More than 200 years ago, a group of Philadelphian reformers had a utopian vision of how prisons should be run.
By Kate Duffy Osheim
PhD Candidate in American Studies
At work we notice a mummified cat. It rests in a pile of paint chips and splintered wood in the wreck of the prison warden’s quarters. The other tour guides and I venture across floorboards to marvel at it, a husk of skin rippling over tendons and ribs.
We are here, and the cat is here, because more than 200 years ago, a group of Philadelphian reformers had a utopian vision of how prisons should be run. They designed a new penal system based on the principle of separate confinement: the isolation of prisoners from the outside world and from each other. In 1829 they opened Eastern State Penitentiary to put their ideas into practice. Nothing turned out the way they had intended, and today the prison survives in a state of ruin as a heritage site. Clues as to how the system unraveled are written into the structure itself, in the off-kilter rays of cellblocks, in shivs turned up in moldering cells, in tunnels dug by would-be escapees. The palimpsest is legible to those who care to read it. It tells a story of ideals chipped away over time, the death of a dream.
The first prisoner arrived at Eastern State Penitentiary on October 25, 1829. A young African-American man from Harrisburg, Charles Williams had come to serve two years for burglary.
What thoughts crossed Williams’s mind as he caught sight of the penitentiary’s gothic, castle-like facade, a structure described as “grave, severe, and awful”? He entered through its only door to the outside world, an oaken gate with iron rivets that weighed several tons and was said to be “the most imposing in the United States.” Once inside, Williams submitted to an inspection: the prison clerk jotted down such details as his complexion, stature, and the length of his feet. Williams then received his plain prison garb and a new identification: Prisoner #1. Before escorting him to his cell, a staff member drew a hood over his head, the better to confuse any later escape attempts.
Prisoner #1 found himself in a locked room designed to minimize his contact with other people. He received meals of mush, meat, and potatoes through a slot in one wall; sun through a small skylight called the “dead eye”; and exercise in his own little walled yard. In an era when the White House lacked running water, Prisoner #1 had a toilet and a tap. A few approved visitors stopped by from time to time—the warden, a clergyman, a craftsman to teach him the honest trade of shoe-making—but according to the rules, he would never meet another prisoner, nor would he receive letters or visits from anyone back home.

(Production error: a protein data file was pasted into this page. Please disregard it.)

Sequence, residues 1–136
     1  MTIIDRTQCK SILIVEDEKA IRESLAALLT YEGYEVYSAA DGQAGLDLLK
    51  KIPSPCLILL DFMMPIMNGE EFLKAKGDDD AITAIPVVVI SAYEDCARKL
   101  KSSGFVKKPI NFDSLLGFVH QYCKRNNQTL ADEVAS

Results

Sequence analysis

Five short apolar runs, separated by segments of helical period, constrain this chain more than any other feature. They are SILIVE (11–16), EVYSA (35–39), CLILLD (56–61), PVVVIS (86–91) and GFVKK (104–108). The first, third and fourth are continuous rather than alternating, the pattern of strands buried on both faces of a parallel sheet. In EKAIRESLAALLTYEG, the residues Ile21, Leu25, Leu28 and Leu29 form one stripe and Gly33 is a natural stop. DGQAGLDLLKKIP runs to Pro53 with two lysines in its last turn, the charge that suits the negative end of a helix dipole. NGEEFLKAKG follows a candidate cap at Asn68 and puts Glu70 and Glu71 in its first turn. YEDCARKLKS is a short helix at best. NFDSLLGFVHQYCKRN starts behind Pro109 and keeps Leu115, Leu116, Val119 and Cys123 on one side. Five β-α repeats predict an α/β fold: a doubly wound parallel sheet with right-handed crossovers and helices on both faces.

Other men and women soon followed Prisoner #1 through the medieval portcullis, convicted of horse-stealing, highway robbery, forgery, murder, and other crimes. Filed away in their own blank cells, they were intended to serve their sentences in a state of “deep reflection and penitential sorrow, leading to a moral change.”
The experiment began.
To understand how the idea of imprisoning convicts alone in their own cells for years came to seem so revolutionary, one must consider the jailhouses that came before. Eighteenth-century American jails served as holding tanks for convicts as they awaited trial. As reformers described it, these jails mixed men, women, and very young offenders into “one corrupting mass of shameless iniquity … He who entered their gates a novice in guilt, accomplished his education in villany.” Jail time itself was not the actual punishment. Punishment for crime tended to involve pain and public humiliation, inflicted via the whip, the brand, or the pillory.
In the view of Philadelphia’s prison reformers, this system of depraved jails and harsh penalties did little to reduce crime. If anything, it prevented convicts from pursuing honest livelihoods. Known to the community at large, the convicts faced stigma. Known to each other, they faced corruption and blackmail. The reformers believed that the old punishments should be replaced with humane and rehabilitative “solitary confinement at labour, with instruction in labour, in morals, and in religion.”
In 1787 Benjamin Rush and other civic leaders established the Philadelphia Society for Alleviating the Miseries of Public Prisons, the group that went on to build Eastern State. Their Quaker-influenced penal concept came to be known as the Pennsylvania System, defined by the principle of isolation. Isolation punished prisoners nonviolently, forcing them to reflect on their crimes with “salutary anguish and remorse.” The penitentiary itself represented a total environment in which prisoners’ lives might be controlled, their behavior modified, and their entire outlook transformed.
Eastern State’s architecture reflected the reformers’ high hopes. Charged with giving physical shape to the Pennsylvania System, architect John Haviland proposed a radial plan of seven cellblocks spanning from a central rotunda. A single guard standing in the center could watch over every corridor. Haviland also infused the prison with church-like decorative flourishes: barrel vaults, turrets, and cast iron balusters.
Visitors from elsewhere marveled at the penitentiary, one of the most ambitious public buildings in America at the time. Ultimately more than 300 prisons around the world would replicate its radial design. Eastern State’s success became a matter of pride for Pennsylvanians and the young republic. Even the wagons that carried meals to each cell came loaded with notions of post-Revolutionary national pride, bearing the nicknames Franklin, Washington, and Lafayette. As a state report put it, the Pennsylvania System, as embodied in Eastern State, was “identified with our national honor and reputation” and commanded “the admiration of the whole civilized world.”
Today people still throng to Eastern State: families, school groups, wedding parties, indie rock bands shooting music videos. During my season as a tour guide, every day brought some novel assignment. We tidied Al Capone’s cell, collected bugs for a visiting entomologist, and hurled hundreds of Tastycakes over the ramparts for the Bastille Day celebration.